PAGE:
__has_trivial_assign and __has_trivial_copy are obsolete

I believe explicitly defaulted special members obsolete __has_trivial_assign and __has_trivial_copy.

Consider:

class A
{
    int i;
public:
    A(const A&);
    A(A&) = default;
};

With explicitly defaulted functions, I believe the following is the complete list of special members that may be trivial:

// default construction
A()

// copy construction
A(const A&)
A(A&)

// move construction
A(A&&)

// copy assignment
A& operator=(const A&)
A& operator=(const A&) &
A& operator=(const A&) &&
A& operator=(A&)
A& operator=(A&) &
A& operator=(A&) &&

// move assignment
A& operator=(A&&)
A& operator=(A&&) &
A& operator=(A&&) &&

// destruction
~A()

std::is_trivially_constructible<T, Args...> can ask if either of the copy constructors are trivial.

And std::is_trivially_assignable<T, U> can ask if any of those 9 assignment operators are trivial. __has_trivial_assign(T) and __has_trivial_copy(T) are not up to this task.

Recommendation:

Given: template <class T> T&& declval() noexcept;

__is_trivial_constructor(T, U);

Effects: Returns true if:

   T t(declval<U>());

is well-formed and calls a trivial constructor.

This would be used like so:

A(const A&) // __is_trivial_constructor(A, const A&)
A(A&) // __is_trivial_constructor(A, A&)
A(A&&) // __is_trivial_constructor(A, A&&) or __is_trivial_constructor(A, A)

__is_trivial_assign(T, U);

Effects: Returns true if:

   declval<T>() = declval<U>();

is well-formed and calls a trivial assignment operator.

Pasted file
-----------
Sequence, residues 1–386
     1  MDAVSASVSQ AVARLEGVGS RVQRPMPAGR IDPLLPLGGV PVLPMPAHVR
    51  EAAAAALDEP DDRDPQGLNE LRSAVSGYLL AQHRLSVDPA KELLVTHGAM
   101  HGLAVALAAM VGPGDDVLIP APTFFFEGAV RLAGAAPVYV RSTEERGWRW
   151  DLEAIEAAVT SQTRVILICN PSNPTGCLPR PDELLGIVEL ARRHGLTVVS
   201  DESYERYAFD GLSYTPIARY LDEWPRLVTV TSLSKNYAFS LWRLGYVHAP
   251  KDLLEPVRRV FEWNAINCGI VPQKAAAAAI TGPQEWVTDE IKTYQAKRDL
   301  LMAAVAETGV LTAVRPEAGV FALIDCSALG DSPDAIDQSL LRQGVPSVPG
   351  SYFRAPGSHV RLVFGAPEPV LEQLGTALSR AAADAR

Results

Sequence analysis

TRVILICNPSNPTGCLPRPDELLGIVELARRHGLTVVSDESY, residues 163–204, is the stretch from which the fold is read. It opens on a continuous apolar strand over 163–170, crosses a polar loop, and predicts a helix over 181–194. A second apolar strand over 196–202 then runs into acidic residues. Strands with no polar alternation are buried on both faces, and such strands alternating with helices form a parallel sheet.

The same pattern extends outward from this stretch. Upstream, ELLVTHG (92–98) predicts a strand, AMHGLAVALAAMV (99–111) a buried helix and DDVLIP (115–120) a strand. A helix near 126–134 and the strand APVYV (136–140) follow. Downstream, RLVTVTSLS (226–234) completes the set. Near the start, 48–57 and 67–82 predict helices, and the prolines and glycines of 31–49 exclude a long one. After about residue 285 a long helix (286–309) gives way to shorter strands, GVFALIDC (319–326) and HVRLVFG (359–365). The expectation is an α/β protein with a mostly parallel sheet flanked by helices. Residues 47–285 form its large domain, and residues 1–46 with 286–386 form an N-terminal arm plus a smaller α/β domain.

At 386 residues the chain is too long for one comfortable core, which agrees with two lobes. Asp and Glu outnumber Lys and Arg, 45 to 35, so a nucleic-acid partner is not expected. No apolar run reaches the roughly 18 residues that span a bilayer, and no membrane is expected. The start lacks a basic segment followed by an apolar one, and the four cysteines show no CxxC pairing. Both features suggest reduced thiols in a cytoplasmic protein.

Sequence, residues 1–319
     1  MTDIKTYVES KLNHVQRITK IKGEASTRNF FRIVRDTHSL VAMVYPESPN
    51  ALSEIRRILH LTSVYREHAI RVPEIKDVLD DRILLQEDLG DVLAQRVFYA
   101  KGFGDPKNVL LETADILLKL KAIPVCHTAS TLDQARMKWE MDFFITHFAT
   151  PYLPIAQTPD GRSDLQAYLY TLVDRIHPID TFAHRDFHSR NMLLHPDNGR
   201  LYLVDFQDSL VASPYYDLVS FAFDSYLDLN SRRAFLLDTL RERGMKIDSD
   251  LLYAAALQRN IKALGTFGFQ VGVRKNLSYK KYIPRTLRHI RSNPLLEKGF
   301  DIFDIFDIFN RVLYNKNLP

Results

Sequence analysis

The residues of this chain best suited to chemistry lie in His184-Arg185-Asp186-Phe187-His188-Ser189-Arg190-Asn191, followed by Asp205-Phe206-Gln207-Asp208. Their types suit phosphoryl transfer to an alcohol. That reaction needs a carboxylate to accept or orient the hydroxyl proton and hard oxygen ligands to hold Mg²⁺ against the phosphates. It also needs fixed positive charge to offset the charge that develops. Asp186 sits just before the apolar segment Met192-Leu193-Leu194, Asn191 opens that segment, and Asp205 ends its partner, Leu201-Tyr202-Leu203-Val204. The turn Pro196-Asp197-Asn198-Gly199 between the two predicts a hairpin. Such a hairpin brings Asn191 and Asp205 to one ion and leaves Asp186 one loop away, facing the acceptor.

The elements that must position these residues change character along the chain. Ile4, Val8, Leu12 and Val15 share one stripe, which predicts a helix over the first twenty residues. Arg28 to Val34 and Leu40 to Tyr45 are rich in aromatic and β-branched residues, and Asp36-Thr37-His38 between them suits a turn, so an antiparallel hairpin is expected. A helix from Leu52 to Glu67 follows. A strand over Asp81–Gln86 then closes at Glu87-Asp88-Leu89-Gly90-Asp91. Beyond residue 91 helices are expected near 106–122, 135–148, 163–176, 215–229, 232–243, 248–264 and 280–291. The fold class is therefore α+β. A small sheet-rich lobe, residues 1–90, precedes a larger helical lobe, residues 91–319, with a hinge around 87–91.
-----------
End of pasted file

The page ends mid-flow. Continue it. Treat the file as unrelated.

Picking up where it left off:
__is_trivial_assign(T, U) would be used like so:

A& operator=(const A&) // __is_trivial_assign(A, const A&) or __is_trivial_assign(A&, const A&)
A& operator=(const A&) & // __is_trivial_assign(A&, const A&)
A& operator=(const A&) && // __is_trivial_assign(A, const A&) or __is_trivial_assign(A&&, const A&)
A& operator=(A&) // __is_trivial_assign(A, A&) or __is_trivial_assign(A&, A&)
A& operator=(A&) & // __is_trivial_assign(A&, A&)
A& operator=(A&) && // __is_trivial_assign(A&&, A&) or __is_trivial_assign(A, A&)

// move assignment
A& operator=(A&&) // __is_trivial_assign(A, A&&) or __is_trivial_assign(A, A) or ...
A& operator=(A&&) & // __is_trivial_assign(A&, A&&) or __is_trivial_assign(A&, A)
A& operator=(A&&) && // __is_trivial_assign(A, A&&) or __is_trivial_assign(A, A) or ...

Note that we're dealing with expressions which need to go through overload resolution to determine the proper constructor or assignment operator, not with specific signatures. So __is_trivial_assign(A, A) should return true for a class A with a trivial copy assignment operator=(const A&) and no move assignment operator.

Also note that the compiler doesn't need to deal with arbitrary types T and U. The library can handle outrageous combinations like T=void U=int. The compiler can assume that T and U are closely related as demonstrated in these examples. In fact the compiler can even assume that the expressions are valid (I know how to check that without further compiler support). I just don't know how to check if the expressions are trivial.

Finally, I need one more trait in this area:

   __is_trivially_copyable(T)

Effects: Returns true if T is a trivially-copyable type.

T is a trivially-copyable type if T:

* has no non-trivial copy constructors.
* has no non-trivial move constructors.
* has no non-trivial copy assignment operators.
* has no non-trivial move assignment operators.
* has a trivial destructor.

This differs from __is_trivial(T) in that a trivial type is trivially-copyable *and* has a trivial default constructor.

C++11 <type_traits> appears to be unimplementable without support along these lines.

Howard

This one is very easy; I'll implement it right away. If someone else isn't poking around the area, I'll get to the others relatively soon.

Sean

That's great, thanks Sean!

I've updated the type_traits design table with the current status:

http://libcxx.llvm.org/type_traits_design.html

Howard